Everyone has something to give. By offering their talents through monetary and non-monetary work in the public and private spheres of life, people draw a sense of dignity and purpose from providing for others, doing it well, and treating that work or service as a vocation. To that end, reorienting government funding to a wider array of jobs, as well as providing the opportunity for people to engage in non-monetary caregiving will do much to meet the timeless human need for dignity that is taking on new forms today.

The Rule of Law and the Charter – Rights and Corresponding Duties

In a world where positive rights proliferate, the negative rights upon which our Charter is based have already been significantly undermined. There can be no doubt that a focus on individual rights has weakened social solidarity by overemphasizing autonomy at the expense of social obligation. However, making common goods the subject of rights claims erodes the very meaning and effect of a right in the first place, which is the protection of a sphere of individual freedom and the family unit.

To protect the sphere of the local, the familial, and the individual, it is important to attempt to enshrine property rights in the Charter of Rights and Freedoms. By having a firm defence of property guaranteed in the Charter, power and opportunity can be more widely spread, rather than concentrated in the hands of the few – usurped by government agencies through tax-funded public monopolies, and large corporations that seek rents through lobbying and subsidies.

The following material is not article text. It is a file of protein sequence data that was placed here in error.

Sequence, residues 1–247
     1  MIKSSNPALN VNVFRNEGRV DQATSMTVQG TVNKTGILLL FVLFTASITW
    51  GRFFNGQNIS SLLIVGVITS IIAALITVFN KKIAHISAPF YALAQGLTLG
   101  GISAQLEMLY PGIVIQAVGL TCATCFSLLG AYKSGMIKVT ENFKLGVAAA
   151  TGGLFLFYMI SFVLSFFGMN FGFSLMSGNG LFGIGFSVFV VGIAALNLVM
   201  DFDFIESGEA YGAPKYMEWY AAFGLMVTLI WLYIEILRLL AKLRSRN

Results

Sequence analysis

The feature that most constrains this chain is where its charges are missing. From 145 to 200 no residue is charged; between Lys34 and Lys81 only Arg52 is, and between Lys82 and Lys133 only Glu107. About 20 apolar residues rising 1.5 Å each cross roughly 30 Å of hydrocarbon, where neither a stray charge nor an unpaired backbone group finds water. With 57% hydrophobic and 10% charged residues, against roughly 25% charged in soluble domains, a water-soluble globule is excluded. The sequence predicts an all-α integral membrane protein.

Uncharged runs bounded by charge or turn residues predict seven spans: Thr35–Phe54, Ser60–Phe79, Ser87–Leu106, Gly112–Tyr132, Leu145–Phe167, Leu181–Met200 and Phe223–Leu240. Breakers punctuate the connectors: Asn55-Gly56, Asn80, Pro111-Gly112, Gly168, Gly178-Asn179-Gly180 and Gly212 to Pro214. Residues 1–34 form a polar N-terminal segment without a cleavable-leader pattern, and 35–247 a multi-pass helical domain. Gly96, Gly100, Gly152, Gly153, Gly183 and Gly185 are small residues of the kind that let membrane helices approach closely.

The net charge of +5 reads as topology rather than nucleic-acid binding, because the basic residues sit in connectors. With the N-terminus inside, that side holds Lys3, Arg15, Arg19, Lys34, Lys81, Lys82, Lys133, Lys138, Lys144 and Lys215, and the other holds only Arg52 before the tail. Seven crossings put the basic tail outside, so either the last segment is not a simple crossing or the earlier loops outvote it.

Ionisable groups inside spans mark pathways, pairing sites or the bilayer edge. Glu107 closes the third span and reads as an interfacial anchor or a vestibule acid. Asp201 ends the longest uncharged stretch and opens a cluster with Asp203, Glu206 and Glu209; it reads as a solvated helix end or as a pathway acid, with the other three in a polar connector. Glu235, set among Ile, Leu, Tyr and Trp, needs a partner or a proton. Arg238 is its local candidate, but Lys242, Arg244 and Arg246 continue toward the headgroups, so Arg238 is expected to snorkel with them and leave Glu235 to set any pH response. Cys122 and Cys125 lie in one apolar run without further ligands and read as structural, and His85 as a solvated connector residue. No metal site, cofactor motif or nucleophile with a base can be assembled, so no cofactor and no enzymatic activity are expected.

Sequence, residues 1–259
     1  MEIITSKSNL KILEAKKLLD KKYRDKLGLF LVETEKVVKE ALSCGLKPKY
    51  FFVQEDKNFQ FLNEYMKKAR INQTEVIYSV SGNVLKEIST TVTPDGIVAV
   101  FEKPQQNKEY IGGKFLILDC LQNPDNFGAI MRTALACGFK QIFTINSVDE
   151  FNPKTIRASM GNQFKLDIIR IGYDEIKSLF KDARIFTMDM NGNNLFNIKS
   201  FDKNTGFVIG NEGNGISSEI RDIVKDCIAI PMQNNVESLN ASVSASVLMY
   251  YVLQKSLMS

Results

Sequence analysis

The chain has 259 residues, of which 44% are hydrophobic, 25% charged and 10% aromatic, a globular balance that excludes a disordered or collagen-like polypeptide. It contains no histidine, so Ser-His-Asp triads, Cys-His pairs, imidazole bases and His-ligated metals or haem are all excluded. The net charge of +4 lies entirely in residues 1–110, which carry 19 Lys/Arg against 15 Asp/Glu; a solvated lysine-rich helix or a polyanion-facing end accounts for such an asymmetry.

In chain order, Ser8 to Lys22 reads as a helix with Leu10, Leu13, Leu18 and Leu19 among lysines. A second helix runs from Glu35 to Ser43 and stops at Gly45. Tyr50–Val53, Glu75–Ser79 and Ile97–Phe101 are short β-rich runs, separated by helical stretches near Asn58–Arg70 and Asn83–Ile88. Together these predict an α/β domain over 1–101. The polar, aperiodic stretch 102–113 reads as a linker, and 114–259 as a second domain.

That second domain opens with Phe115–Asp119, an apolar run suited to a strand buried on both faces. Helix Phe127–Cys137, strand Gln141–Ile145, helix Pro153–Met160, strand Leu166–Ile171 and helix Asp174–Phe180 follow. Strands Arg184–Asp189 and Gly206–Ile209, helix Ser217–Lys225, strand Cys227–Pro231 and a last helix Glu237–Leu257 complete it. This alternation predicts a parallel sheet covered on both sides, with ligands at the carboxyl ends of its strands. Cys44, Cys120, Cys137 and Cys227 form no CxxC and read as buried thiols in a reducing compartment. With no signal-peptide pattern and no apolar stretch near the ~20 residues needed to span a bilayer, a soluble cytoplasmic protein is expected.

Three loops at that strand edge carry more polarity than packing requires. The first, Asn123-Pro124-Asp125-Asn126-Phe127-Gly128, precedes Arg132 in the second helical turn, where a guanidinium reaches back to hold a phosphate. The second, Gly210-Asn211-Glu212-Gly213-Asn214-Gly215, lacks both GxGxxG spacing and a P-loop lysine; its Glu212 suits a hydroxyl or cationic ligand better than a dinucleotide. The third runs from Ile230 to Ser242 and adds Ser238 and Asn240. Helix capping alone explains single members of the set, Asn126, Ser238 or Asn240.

Changing Demographics: an aging population, pension reform and the future of our public services

As our population declines due to changing gender roles and an overemphasis on work at the expense of family, care, friendship, and civil society, it is important to have plans to meet this challenge. Immigration is but a stop gap, as second-generation immigrants assimilate and adopt the values and lifestyle of a largely materialist, and secular Canada. Barring unforeseen changes, it looks as though birth rates are set to continue to decline, and our public services may soon be unsustainable.[1]

A bold rethink of the way we fund pensions and public services is needed. The universal availability of the welfare system, public health, education and pensions are great achievements. In order to maintain their universal quality, save the system from collapsing under its own weight, and improve it by providing more choice for Canadians, it is crucial to explore mixed models of financing and delivery.

There are countless countries around the world who already provide things like vouchers, and school choice, build in ratios for public/private provision of medical billing for doctors and hospitals, as well as social welfare delivery, for example.[2] When the right measures are in place, not only are results better for clients when there is choice and incentives in the mix, but research and innovation is higher and the systems are more fiscally sustainable, all while preserving the universal access and a high quality of service provision for the entire population.

The State of our Social and Natural Environments